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Smoked Pork Loin is so tasty but often overcooked or prepared poorly. These Asian lettuce cups are loaded with amazing condiments and perfectly cooked pork loin sliced thin.
As much as I love a juicy tender smoked pork loin I’ve also had some dry nasty sawdust tasting ones. pork loin doesn’t have near the fat content that a pork shoulder or pork belly has so it needs a different cooking approach. When you cook a Pork butt you need to cook it to above 200 degrees F. to break down the muscle fibers and make it tender. If you cook a Pork loin the same way you will end up with a dry, mealy unpleasant piece of meat. For me the perfect internal temperature to cook pork loin is about 145 degrees F. Carryover should take the pork to about 150 degrees F. giving the meat time to rest giving you juicy tender pork loin every time.
In 2011 the USDA lowered their guidelines for cooked pork from 160 degrees F to 145 degrees F. followed by 3 minutes resting time before serving. This recommendation is for all whole pork roasts, chops and loins. Ground pork is still recommended to be cooked to 160 degrees F. to prevent foodborne illness. As I mentioned above the pork will continue to cook after it has been removed from the heat. If you see a light pink color that's a good thing, the outer pink color is just a smoke ring. If you are not comfortable cooking the pork to 145 degrees feel free to cook it well done but you are sacrificing a good amount of moisture and flavor.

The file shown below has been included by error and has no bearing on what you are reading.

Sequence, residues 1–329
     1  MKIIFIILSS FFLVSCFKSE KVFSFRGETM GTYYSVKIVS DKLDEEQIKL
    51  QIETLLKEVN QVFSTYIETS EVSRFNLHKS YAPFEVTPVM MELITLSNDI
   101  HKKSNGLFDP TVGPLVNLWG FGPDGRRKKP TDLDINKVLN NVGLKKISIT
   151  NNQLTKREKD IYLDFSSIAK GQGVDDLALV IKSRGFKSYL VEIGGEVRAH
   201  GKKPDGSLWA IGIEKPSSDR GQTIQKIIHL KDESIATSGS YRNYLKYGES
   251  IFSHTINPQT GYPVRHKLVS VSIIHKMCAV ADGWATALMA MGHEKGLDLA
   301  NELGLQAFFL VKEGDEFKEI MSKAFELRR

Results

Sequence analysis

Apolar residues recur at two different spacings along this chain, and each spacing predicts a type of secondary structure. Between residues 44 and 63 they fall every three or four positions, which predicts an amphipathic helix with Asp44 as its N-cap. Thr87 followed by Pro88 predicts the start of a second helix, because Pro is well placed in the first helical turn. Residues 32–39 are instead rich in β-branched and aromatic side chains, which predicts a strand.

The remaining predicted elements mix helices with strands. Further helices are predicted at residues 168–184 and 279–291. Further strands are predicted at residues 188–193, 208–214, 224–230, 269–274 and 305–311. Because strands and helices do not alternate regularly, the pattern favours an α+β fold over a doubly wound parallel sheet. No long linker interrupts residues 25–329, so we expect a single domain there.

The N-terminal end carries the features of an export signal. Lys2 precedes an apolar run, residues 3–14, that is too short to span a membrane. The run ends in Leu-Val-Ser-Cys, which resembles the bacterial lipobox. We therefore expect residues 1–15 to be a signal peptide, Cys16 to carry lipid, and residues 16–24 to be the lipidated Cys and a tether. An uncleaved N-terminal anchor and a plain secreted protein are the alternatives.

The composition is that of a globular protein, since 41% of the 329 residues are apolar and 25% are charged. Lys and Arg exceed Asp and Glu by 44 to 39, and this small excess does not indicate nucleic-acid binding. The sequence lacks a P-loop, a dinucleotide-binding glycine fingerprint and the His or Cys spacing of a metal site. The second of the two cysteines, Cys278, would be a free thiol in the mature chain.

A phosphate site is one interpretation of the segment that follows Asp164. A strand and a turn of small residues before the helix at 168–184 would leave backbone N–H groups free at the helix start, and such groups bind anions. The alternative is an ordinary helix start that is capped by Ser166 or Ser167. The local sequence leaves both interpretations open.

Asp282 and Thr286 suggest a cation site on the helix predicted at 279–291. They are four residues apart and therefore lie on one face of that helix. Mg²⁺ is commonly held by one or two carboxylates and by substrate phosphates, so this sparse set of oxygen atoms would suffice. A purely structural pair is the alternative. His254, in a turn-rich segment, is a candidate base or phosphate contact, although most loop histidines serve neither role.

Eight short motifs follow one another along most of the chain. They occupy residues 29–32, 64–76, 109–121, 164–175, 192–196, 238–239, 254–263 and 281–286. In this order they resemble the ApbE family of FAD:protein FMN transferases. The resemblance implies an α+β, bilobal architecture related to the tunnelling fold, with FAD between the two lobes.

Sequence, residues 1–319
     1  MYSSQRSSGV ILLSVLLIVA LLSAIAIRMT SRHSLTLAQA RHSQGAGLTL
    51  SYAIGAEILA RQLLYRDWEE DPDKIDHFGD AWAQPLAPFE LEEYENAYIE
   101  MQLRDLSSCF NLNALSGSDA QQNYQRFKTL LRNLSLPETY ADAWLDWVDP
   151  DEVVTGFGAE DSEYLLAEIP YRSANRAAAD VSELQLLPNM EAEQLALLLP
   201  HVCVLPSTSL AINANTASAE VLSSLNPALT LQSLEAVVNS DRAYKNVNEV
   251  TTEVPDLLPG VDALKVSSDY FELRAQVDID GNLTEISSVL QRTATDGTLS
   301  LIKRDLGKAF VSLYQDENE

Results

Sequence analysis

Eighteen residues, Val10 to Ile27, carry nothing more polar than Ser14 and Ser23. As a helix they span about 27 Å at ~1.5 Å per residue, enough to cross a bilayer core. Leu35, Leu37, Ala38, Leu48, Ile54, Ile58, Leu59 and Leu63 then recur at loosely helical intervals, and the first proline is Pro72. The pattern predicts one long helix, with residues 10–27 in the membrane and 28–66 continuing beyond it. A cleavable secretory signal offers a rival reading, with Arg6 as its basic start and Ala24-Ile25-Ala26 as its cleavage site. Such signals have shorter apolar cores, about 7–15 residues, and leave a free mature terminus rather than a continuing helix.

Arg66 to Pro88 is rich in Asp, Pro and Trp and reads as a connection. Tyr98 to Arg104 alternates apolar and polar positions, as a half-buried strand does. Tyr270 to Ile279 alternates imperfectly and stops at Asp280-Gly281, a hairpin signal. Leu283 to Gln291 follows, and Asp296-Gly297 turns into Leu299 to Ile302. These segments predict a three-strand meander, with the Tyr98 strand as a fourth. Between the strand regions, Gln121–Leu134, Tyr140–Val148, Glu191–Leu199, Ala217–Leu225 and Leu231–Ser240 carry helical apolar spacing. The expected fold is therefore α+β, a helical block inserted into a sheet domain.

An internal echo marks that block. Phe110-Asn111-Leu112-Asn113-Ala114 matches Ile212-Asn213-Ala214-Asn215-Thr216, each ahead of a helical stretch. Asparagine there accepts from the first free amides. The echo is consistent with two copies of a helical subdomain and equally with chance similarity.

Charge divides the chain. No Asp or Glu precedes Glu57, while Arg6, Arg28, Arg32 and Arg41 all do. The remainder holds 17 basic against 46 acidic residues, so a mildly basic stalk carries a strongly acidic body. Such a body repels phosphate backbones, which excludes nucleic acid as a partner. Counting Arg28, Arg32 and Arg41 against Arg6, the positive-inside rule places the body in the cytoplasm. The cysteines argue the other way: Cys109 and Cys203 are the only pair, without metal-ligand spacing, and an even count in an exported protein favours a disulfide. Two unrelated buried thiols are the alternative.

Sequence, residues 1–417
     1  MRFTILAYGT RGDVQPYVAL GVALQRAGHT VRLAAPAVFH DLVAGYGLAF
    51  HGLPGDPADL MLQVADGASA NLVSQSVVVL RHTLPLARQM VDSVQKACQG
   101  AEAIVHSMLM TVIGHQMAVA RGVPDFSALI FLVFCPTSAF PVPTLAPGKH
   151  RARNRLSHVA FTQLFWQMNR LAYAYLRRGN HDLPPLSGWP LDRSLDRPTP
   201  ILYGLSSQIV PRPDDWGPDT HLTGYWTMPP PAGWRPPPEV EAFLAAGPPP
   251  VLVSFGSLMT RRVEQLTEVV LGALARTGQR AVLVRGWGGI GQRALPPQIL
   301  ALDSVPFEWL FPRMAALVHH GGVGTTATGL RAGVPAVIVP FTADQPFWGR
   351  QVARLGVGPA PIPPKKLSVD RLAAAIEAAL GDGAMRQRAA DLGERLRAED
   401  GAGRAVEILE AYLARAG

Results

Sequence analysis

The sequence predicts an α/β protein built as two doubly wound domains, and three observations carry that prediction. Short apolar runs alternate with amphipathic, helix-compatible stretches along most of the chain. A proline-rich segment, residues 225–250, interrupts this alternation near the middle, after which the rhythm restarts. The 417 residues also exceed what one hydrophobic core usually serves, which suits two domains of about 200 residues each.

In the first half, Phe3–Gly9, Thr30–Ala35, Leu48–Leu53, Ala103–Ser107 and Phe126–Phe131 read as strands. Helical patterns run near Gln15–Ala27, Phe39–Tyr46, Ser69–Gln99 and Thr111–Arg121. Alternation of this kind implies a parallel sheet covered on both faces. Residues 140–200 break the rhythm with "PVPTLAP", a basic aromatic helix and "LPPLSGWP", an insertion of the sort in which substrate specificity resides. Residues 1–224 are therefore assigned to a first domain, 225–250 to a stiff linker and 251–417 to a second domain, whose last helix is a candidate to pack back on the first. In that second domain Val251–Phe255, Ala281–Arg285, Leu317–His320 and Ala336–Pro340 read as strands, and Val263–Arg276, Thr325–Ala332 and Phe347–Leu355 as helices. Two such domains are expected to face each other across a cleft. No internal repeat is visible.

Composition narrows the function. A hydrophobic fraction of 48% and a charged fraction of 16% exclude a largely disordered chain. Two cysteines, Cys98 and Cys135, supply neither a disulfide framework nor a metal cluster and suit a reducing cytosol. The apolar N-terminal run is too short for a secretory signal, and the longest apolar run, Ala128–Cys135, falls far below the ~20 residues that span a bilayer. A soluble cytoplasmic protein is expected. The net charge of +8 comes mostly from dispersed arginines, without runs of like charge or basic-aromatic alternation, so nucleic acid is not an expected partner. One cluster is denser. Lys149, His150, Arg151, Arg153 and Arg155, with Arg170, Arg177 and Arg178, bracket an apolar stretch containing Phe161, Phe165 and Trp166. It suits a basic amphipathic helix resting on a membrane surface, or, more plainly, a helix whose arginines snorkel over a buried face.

Because Pork loin doesn’t have a lot of fat or connective tissue it cooks very quickly not giving it much time to absorb smoke flavor. The trick I use to give your loin more time on the pit is to make sure the pork is as cold as possible when it goes on. I sometimes will put the pork loin on the smoker while it’s still half frozen. This will let you season the meat and begin smoking as the center slowly thaws out never reaching an internal temperature of 145 degrees F. To keep the meat moist I like to spray the pork loin with avocado oil a few times during the cooking process.
Once the Pork Loin is smoked and rested it’s time to slice. If you have a meat slicer at home this would be a great time to bust it out. I actually have one but they can be a pain to clean and I was lazy. Instead I cut the pork loin by hand. To slice the pork as thin as you can make sure you have a sharp knife. Make long clean strokes to smoothly cut through the pork in as few motions as possible. Only cut as much Pork as you need to serve at that time. The Pork loin stays juicier longer when it’s left whole. I slice as much as I think I need and then just shave a few slices as needed.
This recipe works with any kind of lettuce or cabbage you like. It just so happens that I had Savoy cabbage on the day I prepared this dish. If I had my choice my favorite cruciferous vessel is actually Napa cabbage. Leaf lettuce, romaine, red or white cabbage also do just fine for this recipe.
Once you have your pork sliced and your cabbage cup ready it’s time to load it up with tasty condiments. Kimchi is a must for me because it’s delicious and nutritious along with chopped peanuts, crispy garlic, sesame seeds, scallions and carrots. For some spice I add in some sliced jalapeños and everything needs a good sauce and my Asian Bbq sauce. Kinders Sugar Free Jalapeño BBQ Sauce combined with soy sauce and sambal oelek is a great condiment for all sorts of Asian recipes so I often make a double batch and keep it in the Fridge. Other great condiments include Wasabi Mayo, Sriracha or a Thai Peanut sauce.
This recipe for smoked pork loin asian lettuce cups contains affiliate links. I receive income from qualifying purchases.
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